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Work and marriage decision

Business and Professional Relationships Networking and maintaining a positive environment in the work place is important! Surviving the 9-to-5 within.

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Old 2nd September 2017, 8:33 AM   #16
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Originally Posted by LivingWaterPlease View Post
Well, keep us posted as you work through you new life and how you navigate keeping up with any professional and social relationships from your old life.
Yes, please keep up posted...I am working very hard to determine the course of my retirement, myself. I am the type that I need a goal but don't want the daily grind and stress. So, I would be very interested in how you find "semi-retired"....I had not thought of that angle and it sounds perfect!!
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Old 4th September 2017, 9:01 AM   #17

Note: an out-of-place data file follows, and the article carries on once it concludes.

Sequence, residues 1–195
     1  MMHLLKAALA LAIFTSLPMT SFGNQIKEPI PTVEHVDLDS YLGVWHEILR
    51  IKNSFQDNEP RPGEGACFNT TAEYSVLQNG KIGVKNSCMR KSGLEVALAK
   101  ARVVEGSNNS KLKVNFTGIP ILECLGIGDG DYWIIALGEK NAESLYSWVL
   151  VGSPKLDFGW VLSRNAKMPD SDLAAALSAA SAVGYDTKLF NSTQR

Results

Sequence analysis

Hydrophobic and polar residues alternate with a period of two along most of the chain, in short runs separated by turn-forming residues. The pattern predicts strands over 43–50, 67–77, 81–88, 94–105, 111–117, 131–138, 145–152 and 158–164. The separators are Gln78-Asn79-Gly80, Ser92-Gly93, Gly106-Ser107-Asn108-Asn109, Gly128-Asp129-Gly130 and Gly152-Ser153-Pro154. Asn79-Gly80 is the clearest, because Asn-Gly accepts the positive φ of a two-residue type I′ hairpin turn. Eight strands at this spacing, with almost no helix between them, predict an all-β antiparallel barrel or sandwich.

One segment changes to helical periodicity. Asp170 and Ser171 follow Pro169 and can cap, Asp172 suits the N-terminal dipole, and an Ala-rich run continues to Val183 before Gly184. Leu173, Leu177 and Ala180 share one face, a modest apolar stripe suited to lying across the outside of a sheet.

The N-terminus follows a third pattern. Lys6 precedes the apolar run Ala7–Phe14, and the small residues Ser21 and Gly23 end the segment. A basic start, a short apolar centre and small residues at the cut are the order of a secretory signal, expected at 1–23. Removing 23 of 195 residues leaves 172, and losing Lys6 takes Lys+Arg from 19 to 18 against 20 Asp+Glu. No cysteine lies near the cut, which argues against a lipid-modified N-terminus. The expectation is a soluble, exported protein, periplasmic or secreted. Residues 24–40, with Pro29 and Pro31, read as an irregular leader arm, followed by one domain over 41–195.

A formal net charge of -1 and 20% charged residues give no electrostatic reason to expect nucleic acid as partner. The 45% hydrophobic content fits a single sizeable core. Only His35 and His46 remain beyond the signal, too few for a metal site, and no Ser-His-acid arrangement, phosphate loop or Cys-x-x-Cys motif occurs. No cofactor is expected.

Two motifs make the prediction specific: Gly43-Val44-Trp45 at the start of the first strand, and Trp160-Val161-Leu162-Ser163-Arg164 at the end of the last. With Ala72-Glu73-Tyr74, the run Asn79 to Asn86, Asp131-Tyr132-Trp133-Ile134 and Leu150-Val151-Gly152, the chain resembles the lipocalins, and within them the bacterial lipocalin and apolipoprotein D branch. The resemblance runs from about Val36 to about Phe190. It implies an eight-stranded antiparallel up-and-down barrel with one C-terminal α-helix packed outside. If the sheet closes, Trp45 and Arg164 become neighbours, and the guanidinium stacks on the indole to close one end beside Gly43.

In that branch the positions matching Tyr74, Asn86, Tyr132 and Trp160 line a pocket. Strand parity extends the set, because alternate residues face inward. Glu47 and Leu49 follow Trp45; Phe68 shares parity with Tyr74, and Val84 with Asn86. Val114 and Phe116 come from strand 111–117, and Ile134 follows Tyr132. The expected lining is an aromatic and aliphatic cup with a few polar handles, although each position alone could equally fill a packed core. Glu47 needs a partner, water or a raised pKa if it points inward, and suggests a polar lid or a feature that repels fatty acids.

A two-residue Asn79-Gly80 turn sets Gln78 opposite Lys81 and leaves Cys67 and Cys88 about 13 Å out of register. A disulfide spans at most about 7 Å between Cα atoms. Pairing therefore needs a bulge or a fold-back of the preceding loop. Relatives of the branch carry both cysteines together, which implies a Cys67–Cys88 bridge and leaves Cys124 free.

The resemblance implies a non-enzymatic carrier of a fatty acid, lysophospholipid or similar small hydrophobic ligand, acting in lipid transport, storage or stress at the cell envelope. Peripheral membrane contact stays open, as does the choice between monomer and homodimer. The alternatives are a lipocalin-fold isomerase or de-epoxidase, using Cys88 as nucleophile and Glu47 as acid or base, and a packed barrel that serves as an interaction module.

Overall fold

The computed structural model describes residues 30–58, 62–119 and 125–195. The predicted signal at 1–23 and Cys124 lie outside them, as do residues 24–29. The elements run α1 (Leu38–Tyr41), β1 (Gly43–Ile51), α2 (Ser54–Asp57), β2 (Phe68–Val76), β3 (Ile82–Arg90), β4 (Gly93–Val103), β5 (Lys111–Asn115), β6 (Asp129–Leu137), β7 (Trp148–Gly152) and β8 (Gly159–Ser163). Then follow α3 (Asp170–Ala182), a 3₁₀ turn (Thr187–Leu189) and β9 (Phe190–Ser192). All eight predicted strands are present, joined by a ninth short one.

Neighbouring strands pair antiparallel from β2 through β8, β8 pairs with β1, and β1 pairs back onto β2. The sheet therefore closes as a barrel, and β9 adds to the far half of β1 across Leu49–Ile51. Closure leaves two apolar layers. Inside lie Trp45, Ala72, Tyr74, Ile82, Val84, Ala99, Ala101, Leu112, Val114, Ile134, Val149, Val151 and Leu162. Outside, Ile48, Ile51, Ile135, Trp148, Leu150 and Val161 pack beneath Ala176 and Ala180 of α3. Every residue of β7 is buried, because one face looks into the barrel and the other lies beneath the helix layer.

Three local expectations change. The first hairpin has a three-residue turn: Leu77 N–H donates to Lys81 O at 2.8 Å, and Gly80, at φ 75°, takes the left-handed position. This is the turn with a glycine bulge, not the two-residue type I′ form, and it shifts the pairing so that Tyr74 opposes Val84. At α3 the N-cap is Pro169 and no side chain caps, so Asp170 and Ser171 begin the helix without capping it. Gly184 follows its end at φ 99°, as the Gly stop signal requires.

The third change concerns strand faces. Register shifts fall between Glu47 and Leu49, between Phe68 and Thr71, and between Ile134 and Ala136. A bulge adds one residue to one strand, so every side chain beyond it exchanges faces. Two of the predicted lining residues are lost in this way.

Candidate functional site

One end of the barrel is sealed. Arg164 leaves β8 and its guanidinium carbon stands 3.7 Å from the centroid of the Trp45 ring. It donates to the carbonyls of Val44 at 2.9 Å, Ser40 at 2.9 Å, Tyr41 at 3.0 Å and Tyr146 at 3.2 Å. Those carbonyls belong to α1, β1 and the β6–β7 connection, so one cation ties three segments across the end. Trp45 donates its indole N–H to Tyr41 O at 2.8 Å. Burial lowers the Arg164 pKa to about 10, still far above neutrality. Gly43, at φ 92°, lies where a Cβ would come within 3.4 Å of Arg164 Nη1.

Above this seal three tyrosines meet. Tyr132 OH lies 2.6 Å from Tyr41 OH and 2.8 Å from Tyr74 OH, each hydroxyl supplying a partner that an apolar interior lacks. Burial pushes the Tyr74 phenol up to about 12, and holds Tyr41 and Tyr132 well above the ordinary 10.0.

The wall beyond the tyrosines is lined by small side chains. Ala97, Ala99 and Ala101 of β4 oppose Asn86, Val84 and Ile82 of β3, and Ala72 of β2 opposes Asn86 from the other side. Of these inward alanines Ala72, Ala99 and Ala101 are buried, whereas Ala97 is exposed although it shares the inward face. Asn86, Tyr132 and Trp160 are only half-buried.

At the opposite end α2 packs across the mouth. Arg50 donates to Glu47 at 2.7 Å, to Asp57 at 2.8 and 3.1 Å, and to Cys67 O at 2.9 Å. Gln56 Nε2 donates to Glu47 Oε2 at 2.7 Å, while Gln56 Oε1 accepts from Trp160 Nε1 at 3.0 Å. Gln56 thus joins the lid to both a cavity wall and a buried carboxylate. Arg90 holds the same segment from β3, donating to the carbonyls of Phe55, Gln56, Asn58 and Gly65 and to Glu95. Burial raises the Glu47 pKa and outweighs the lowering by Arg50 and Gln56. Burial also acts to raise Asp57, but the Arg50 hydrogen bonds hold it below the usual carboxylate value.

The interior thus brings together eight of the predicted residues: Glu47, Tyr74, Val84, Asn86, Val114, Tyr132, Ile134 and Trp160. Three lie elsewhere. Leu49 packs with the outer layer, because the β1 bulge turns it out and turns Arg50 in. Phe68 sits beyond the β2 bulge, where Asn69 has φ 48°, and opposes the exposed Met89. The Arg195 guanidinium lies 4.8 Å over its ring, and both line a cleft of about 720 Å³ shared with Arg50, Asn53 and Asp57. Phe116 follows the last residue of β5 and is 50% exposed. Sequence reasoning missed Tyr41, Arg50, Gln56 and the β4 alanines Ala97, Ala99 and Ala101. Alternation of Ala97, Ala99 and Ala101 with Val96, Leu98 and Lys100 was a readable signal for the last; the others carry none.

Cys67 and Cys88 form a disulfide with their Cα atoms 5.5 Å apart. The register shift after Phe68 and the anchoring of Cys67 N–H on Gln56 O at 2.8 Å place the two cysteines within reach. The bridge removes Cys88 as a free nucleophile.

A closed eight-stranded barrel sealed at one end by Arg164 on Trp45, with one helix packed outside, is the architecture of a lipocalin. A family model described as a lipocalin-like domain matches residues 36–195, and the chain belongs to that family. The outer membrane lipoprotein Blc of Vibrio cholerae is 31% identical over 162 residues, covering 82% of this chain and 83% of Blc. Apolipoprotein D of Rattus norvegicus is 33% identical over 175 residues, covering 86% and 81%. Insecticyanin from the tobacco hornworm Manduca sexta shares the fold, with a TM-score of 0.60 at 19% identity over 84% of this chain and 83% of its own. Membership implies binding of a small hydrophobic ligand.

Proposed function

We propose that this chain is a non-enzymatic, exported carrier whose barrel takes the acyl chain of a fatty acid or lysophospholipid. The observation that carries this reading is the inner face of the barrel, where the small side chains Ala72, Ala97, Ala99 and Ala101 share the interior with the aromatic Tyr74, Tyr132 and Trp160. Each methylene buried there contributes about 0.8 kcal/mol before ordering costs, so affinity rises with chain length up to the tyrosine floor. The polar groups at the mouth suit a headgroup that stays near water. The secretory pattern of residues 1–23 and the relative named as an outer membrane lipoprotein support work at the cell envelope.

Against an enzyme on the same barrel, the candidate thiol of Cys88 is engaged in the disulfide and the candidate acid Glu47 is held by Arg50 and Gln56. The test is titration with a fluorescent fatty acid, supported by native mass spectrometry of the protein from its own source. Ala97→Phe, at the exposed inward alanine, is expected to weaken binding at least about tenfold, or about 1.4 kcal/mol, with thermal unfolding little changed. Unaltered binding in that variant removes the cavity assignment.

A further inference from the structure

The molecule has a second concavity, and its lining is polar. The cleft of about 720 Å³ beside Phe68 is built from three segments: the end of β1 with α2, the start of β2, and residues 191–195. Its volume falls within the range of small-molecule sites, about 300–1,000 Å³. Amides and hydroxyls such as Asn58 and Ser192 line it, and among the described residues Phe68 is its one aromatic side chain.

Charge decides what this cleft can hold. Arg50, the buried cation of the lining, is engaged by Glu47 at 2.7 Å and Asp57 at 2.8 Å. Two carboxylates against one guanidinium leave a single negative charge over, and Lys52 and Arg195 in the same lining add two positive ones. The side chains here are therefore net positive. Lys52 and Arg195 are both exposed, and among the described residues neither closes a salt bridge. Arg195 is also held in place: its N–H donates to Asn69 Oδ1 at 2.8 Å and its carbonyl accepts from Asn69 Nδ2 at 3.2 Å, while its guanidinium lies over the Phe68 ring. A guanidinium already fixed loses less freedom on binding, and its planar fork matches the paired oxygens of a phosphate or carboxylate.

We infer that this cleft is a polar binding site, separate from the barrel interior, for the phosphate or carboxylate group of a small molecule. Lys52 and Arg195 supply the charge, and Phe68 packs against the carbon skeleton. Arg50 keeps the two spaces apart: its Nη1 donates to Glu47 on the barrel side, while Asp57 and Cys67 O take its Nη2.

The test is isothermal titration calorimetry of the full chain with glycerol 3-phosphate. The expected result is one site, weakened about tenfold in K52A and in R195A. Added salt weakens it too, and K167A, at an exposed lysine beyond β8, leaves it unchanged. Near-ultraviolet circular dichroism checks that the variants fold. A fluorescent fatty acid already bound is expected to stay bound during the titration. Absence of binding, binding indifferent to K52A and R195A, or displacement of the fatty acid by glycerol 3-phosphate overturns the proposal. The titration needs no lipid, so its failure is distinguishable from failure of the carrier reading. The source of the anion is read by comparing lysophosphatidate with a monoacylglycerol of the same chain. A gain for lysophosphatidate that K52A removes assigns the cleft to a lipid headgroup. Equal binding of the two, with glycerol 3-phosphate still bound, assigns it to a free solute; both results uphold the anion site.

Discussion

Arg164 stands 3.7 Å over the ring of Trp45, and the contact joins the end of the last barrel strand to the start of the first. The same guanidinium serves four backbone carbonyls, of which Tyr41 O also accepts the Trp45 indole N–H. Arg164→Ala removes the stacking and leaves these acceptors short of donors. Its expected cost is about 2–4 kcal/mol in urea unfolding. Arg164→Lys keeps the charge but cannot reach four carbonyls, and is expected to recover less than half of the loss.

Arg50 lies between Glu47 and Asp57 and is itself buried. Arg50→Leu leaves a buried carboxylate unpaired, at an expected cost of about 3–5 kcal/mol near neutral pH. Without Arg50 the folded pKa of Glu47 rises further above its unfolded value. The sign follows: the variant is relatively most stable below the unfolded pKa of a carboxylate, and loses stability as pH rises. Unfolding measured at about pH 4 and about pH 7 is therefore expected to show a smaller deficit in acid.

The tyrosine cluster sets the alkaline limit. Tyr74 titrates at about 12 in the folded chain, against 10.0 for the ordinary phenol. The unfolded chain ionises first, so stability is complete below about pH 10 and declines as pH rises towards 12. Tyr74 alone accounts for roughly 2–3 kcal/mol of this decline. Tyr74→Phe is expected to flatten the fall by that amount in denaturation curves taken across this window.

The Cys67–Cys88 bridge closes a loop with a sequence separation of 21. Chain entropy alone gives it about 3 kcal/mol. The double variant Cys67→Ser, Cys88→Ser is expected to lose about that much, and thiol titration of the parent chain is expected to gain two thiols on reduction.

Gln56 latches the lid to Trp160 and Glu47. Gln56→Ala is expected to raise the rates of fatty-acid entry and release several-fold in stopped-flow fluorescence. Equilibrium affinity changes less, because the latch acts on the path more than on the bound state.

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So, a few random updates. First, I realized I titled this work and marriage. That's not really true. It's more work and lifestyle/family. If I am honest, it's more just a "me" decision. I wanted to slow down and live a more fulfilling, less demanding life. Maybe I was feeling too guilty before to just admit it?

Now that the cat is out of the bag, I did experience a few days of guilt but that has largely dissipated. I get a pang now and then, but then I focus on why Iade this choice and it goes away. Even though I have a long leave notice, I am already noticing a difference in myself. I finished a project I started a year ago. Before, I was so conscious of so many demands on my time that I was constantly balancing what needed to be done first. I don't have any new "free" time yet but I don't feel that same anxiety about exhausting myself on the weekend when it's going to be a hard week ahead. I have also had a great conversation with my niece. I actually sat down and had a 40-minute conversation with her about her college major. I didn't feel pressured for time and it felt so good. I spent the day with my mom - essentially "blowing off" a whole day when I ordinarily would have been fixated on getting the house cleaned so the work week would be less hectic. And I am already planning a big backyard cookout in October around another local event. That would have been something I wanted to do but couldn't commit to at any other time.